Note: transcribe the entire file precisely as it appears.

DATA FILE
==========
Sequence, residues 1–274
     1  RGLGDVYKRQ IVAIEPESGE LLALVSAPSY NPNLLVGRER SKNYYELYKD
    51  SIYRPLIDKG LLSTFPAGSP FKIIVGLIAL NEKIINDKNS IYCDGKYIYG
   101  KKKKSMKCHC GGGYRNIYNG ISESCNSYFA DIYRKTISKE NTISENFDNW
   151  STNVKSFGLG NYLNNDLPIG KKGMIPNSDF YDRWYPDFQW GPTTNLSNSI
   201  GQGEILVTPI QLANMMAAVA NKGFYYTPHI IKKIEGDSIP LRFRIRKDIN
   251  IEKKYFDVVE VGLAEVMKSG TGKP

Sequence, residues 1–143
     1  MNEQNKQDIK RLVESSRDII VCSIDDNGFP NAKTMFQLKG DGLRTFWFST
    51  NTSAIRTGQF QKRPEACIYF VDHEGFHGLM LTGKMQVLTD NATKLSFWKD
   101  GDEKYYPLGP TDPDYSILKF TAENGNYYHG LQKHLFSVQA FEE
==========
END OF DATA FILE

Sequence, residues 1–274
     1  RGLGDVYKRQ IVAIEPESGE LLALVSAPSY NPNLLVGRER SKNYYELYKD
    51  SIYRPLIDKG LLSTFPAGSP FKIIVGLIAL NEKIINDKNS IYCDGKYIYG
   101  KKKKSMKCHC GGGYRNIYNG ISESCNSYFA DIYRKTISKE NTISENFDNW
   151  STNVKSFGLG NYLNNDLPIG KKGMIPNSDF YDRWYPDFQW GPTTNLSNSI
   201  GQGEILVTPI QLANMMAAVA NKGFYYTPHI IKKIEGDSIP LRFRIRKDIN
   251  IEKKYFDVVE VGLAEVMKSG TGKP

Sequence, residues 1–143
     1  MNEQNKQDIK RLVESSRDII VCSIDDNGFP NAKTMFQLKG DGLRTFWFST
    51  NTSAIRTGQF QKRPEACIYF VDHEGFHGLM LTGKMQVLTD NATKLSFWKD
   101  GDEKYYPLGP TDPDYSILKF TAENGNYYHG LQKHLFSVQA FEE